Section: New Results

Path planning and environment analysis

Space-Time planning in dynamic environments

Participants : Fabrice Lamarche [contact] , Thomas Lopez.

When automatically populating 3D geometric databases with virtual humanoids, modeling the navigation behavior is essential since navigation is used in most exhibited behaviors. In many application fields, the need to manage navigation in dynamic environments arises (virtual worlds taking physics laws into account, numerical plants in which step stools can be moved,...). This study focuses on the following issue: how to manage the navigation of virtual entities in such dynamic environments where topology may change at any time i.e. where unpredictable accessibility changes can arise at runtime. In opposition to current algorithms, movable items are not only considered as obstacles in the environment but can also help virtual entities in their navigation.

The proposed algorithm [17] splits that problem into two complementary processes: a topology tracking algorithm and a path planning algorithm. The aim of the topology tracking algorithm is to continuously detect and update topological relations between moving objects i.e. accessibility or obstruction, while storing temporal information when recurring relations are observed. The path planning algorithm uses this information to plan a path inside the dynamic environment. The coupling of those algorithms endows a virtual character with the ability to immediately use inserted / moved object to reach previously unreachable locations. Moreover, this algorithm is able to find a path through moving platforms to reach a target located on a surface that is never directly accessible.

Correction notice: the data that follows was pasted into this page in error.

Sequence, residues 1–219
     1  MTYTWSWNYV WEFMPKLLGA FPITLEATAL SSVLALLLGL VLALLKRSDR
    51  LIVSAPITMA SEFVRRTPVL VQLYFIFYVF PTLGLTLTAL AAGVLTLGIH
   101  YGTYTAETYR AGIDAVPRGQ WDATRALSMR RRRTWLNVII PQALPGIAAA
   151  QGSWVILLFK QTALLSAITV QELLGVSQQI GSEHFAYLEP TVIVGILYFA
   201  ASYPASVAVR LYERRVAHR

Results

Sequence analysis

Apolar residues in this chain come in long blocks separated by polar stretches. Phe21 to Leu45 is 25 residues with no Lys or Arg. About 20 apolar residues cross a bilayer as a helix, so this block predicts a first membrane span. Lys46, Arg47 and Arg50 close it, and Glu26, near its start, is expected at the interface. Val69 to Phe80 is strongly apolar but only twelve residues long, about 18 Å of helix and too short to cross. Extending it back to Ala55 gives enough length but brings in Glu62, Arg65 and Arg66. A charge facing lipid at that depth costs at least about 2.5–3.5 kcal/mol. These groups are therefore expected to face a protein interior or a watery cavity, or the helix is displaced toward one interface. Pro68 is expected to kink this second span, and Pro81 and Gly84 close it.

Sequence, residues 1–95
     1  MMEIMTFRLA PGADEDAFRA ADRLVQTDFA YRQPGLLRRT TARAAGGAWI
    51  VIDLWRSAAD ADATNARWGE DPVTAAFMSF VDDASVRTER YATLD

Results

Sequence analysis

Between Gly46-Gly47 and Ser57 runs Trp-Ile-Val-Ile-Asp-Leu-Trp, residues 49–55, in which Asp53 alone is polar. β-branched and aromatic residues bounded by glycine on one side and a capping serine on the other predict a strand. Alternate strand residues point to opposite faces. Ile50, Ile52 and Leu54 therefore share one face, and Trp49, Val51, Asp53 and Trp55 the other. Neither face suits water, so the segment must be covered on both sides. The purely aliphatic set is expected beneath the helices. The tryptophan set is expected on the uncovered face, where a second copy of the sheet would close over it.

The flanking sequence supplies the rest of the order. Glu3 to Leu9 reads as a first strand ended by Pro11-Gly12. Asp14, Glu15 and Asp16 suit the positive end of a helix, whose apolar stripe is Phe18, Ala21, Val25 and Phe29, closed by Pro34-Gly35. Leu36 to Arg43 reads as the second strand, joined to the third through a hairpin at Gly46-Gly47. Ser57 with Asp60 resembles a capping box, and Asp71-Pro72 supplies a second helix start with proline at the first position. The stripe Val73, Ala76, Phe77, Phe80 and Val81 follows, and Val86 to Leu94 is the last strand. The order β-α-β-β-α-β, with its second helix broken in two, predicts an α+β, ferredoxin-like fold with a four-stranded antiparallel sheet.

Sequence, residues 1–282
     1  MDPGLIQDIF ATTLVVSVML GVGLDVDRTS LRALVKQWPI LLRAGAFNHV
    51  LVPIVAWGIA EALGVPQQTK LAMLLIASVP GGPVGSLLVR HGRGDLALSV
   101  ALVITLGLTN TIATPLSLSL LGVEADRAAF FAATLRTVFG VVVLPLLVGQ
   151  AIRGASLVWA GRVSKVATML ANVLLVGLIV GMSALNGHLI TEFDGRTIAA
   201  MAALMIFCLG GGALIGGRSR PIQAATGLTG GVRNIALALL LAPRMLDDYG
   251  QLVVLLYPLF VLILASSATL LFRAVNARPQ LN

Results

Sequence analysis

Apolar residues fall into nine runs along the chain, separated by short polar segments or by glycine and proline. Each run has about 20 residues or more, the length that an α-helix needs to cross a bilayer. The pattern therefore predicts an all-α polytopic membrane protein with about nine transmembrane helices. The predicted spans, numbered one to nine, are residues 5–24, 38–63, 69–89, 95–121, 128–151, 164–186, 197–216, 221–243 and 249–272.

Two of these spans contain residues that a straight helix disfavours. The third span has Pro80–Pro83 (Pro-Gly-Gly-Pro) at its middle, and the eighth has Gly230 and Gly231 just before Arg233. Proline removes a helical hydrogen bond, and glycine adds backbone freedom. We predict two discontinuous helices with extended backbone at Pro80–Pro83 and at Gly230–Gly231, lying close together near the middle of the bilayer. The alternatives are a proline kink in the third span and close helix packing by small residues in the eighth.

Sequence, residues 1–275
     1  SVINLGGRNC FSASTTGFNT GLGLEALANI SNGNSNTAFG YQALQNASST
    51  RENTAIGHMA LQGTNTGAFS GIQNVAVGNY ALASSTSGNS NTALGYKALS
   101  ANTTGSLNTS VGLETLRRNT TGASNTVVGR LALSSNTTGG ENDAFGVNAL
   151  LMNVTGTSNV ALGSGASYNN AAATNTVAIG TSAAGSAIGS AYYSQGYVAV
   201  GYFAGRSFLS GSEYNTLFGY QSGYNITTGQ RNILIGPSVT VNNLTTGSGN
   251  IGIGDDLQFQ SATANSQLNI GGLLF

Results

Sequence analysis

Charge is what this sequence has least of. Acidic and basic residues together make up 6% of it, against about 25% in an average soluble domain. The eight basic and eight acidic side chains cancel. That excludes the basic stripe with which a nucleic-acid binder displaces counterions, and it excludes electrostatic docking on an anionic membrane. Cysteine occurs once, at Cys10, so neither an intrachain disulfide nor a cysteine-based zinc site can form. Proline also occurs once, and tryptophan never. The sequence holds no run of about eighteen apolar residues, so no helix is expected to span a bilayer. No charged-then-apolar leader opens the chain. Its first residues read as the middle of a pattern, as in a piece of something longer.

Automated environment analysis

Participants : Fabrice Lamarche [contact] , Carl-Johan Jorgensen.

To populate a virtual environment, modeling the navigation behavior is crucial. This behavior relies on the ability of planning a path inside a complex environment, which itself relies on an adequate representation of the environment structure. Most often, virtual environments are represented has 3D databases that are analyzed to produce data structures that are suitable for path planning and navigation. However, without any user intervention, those data structures lack of information about the nature of identified navigable zones that are crucial for navigation credibility.

We proposed an environment analysis algorithm [11] that automatically extracts a meaningful spatial representation of 3D virtual environments, suitable for spatial reasoning. This algorithm automatically differentiates indoor, outdoor and covered parts of the environment. It separates buildings into floors linked by stairs and represent floors as rooms linked by doorsteps. On this basis, we propose a natural hierarchical representation of the environment. This representation is used for spatial reasoning including zone selection and multi-criterion path planning that enhances path credibility.